Returning to the weapons, each weapon in the game has its primary fire mode, although many also have unlockable secondary fire modes, such as an explosive shot from the shotgun or a rack of mini missiles and a scope for the machine gun. To unlock secondary fire for a weapon, you must first find a field drone, and then select your desired weapon mod. Some weapons have more than one mod, although they are easily switched between with a single button press if you do indeed find yourself with more than one. Weapon mods can also be further upgraded themselves using weapon upgrade points, which are awarded to you through combat, finding secrets and completing optional mission tasks such as killing a specific number of demons with a particular weapon, and so on. Finally, weapon mastery comes in the form of unlocking all the upgrades for a particular mod, and then completing a challenge to unlock the final upgrade for said mod. What’s important is that the weapons, for the most part, are a lot of fun to shoot, with the likes of a punchy shotgun, a flesh cutting chainsaw, and an explosive rocket launcher amongst the best.

Another thing that can be upgraded in the game is the protagonist’s Praetor Suit. As opposed to using weapon upgrade points, the suit is upgraded through tokens found around the levels, allowing for faster weapon switching, more information being revealed to you on each level map, power-ups releasing a damaging shockwave at the end of their use, and so on. The tokens are always found on the bodies of Elite Guards, so whenever you manage a breather, it’s always worth tearing yourself away from the action and then head off to explore areas off the linear track.


There’s no button for you reload your weapon; instead it will automatically switch to another weapon.

In fact, Doom was a game known for its secrets, and the 2016 version of the game is no exception. I’ve already mentioned the tokens that you are able to find, but there’s also various other secrets, which includes Argent Cells, classic Doom maps and Trial Stones. Upon finding them, Argent Cells allow you to instantly upgrade your health, ammo and armour capacities, which is always helpful. The classic maps, on the other hand, will be a source of nostalgia for some, particularly as the actual maps have been untouched, with only the weapons and enemies from the new game being present when playing these levels. As for the Trial Stones, these teleport you to another area and allow you to play challenges in order to unlock Runes, and these Runes can then be equipped to grant you various perks such as causing enemies to be stunned for longer, allowing you to perform glory kills faster, or giving you more control in the air, and so on. With all its weapons, challenges, and secrets, Doom is definitely a very rewarding game.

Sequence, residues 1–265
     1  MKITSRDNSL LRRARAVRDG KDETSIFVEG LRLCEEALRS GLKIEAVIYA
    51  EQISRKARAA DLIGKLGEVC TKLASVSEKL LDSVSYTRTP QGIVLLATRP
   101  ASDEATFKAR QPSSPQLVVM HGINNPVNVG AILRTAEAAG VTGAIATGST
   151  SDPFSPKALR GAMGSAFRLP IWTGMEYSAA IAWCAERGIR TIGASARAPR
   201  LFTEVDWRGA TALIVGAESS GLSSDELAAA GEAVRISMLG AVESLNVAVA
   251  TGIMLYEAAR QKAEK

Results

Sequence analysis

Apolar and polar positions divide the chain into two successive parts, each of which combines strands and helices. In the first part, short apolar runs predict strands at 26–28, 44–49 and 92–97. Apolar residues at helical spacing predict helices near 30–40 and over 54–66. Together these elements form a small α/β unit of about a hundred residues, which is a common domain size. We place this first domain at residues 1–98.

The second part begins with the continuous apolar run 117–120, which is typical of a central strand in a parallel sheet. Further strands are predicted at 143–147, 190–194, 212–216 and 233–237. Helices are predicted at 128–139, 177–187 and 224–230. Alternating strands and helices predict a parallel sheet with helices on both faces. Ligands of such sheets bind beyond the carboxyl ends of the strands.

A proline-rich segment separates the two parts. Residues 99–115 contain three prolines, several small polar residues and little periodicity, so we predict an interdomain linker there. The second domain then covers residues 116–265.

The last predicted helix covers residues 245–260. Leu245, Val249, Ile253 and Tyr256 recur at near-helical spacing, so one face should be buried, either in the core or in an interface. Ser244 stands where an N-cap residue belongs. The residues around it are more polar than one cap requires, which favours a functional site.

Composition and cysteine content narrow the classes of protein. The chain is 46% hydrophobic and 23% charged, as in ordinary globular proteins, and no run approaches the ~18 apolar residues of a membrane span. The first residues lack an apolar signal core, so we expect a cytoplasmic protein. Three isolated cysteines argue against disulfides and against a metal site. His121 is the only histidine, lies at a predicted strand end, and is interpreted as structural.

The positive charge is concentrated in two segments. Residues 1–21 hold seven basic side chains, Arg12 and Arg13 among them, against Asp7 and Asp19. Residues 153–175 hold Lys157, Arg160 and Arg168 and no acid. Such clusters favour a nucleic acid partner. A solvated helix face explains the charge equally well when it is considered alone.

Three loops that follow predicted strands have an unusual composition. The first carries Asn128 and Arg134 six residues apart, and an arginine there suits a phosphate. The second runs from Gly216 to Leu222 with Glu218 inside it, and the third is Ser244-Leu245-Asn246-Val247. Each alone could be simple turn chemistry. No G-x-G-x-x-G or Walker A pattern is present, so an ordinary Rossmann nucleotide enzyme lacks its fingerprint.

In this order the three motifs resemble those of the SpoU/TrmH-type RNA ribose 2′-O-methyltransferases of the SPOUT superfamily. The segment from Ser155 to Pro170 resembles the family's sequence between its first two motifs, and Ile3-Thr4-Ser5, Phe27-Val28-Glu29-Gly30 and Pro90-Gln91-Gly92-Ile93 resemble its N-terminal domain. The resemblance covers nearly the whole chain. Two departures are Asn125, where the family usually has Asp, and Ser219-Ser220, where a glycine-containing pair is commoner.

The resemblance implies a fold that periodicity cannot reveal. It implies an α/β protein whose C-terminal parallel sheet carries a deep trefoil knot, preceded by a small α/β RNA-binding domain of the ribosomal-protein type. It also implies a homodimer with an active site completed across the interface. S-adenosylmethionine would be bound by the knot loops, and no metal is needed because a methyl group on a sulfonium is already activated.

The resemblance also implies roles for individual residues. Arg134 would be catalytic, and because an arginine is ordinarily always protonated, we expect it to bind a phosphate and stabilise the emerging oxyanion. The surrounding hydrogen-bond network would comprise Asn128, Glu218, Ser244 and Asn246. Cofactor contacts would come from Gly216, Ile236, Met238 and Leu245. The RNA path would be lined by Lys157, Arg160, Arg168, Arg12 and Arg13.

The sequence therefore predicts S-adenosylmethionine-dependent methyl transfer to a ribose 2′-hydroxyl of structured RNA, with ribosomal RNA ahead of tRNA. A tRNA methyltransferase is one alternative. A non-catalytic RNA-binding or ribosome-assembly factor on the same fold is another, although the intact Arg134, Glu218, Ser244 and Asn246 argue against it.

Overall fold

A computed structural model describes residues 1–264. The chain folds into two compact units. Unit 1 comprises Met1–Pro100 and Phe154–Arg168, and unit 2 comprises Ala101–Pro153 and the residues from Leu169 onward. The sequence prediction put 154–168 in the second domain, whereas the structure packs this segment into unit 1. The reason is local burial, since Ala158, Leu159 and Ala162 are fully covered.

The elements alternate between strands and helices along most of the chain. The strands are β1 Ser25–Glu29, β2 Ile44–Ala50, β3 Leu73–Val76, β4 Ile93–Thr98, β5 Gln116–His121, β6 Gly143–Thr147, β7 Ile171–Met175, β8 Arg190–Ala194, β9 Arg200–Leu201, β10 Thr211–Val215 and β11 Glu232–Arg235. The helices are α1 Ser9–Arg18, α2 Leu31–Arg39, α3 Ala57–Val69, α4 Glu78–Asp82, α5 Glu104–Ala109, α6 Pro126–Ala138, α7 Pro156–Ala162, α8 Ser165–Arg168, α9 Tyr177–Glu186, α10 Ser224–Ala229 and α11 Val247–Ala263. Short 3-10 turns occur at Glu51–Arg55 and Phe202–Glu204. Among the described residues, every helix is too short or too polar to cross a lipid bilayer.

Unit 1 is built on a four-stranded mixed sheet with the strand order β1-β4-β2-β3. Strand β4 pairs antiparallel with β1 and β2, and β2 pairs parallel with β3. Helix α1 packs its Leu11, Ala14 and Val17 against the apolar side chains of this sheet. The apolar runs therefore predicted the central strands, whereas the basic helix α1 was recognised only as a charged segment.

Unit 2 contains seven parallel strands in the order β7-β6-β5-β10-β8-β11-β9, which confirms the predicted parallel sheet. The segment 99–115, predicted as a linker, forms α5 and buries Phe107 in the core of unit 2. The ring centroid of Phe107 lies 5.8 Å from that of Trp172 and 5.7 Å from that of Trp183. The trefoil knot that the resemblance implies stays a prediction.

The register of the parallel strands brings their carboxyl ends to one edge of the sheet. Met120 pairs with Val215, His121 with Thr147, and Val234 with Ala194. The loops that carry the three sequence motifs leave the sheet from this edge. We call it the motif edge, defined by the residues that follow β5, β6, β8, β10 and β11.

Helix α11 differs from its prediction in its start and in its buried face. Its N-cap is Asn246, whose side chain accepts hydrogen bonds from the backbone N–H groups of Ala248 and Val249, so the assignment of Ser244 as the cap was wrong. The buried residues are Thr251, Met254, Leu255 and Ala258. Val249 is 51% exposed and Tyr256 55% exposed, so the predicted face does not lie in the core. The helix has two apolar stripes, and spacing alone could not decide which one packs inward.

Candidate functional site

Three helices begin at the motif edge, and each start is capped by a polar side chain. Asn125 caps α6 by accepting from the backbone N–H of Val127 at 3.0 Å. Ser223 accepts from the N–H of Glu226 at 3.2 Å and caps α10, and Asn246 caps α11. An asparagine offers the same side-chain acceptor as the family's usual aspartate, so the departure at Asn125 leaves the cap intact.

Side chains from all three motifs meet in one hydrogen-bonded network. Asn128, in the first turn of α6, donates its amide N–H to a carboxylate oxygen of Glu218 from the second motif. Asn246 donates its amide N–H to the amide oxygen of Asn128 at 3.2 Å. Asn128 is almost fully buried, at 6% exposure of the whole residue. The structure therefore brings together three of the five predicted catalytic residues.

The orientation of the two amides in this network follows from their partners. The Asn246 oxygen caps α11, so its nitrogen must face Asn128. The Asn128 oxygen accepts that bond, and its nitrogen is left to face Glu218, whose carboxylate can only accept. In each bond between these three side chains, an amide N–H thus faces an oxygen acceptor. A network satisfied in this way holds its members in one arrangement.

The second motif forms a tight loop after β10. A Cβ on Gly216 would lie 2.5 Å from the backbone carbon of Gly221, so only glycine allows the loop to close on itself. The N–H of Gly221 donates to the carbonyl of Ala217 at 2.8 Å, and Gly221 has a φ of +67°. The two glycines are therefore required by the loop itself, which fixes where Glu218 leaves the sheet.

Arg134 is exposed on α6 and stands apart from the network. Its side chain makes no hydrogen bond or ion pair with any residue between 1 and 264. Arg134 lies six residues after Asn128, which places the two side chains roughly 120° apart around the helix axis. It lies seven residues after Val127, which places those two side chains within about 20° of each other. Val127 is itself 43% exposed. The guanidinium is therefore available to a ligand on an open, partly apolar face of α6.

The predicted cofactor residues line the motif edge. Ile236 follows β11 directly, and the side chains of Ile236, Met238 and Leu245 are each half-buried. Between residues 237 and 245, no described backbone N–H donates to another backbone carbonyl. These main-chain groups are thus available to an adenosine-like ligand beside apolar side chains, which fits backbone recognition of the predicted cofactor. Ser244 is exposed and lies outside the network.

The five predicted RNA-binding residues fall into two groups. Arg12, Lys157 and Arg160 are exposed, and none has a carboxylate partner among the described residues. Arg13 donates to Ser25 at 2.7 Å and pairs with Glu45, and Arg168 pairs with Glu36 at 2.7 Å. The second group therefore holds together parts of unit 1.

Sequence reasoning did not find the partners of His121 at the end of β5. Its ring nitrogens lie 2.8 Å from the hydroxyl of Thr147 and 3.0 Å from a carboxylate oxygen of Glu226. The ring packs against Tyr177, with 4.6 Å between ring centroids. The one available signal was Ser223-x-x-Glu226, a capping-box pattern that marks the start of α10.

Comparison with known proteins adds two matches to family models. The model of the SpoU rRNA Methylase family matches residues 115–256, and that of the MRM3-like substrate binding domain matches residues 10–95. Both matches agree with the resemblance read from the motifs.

Even without finding everything hidden in its well designed levels, Doom’s single player campaign is a very generous length at 12-13 hours. With its intense and explosive action, fast paced and brutal gameplay, well implemented Glory Kills, and satisfying selection of guns, it’s a fantastic and memorable campaign as well, and certainly the highlight of a package that also features an excellent level editor in its SnapMap feature as well as a decent multiplayer mode.

The visuals are also some of the most remarkable that can be found in any game right now. Even though everything looks rather dark and grim, thanks to the amazing lighting, the smooth 60fps motion, as well as the beefy guns, the game looks beautiful. While retaining their themes, the levels are also varied, and Hell really has never looked so good.

This Doom 3 sequel has been a long time coming, although, as it turns out, it was certainly worth the lengthy wait. The game mixes classic Doom with a few new ideas, and the most important thing is that it all works, resulting in a brilliantly executed campaign and the grand return of a series that needs no introductions to fans of the genre.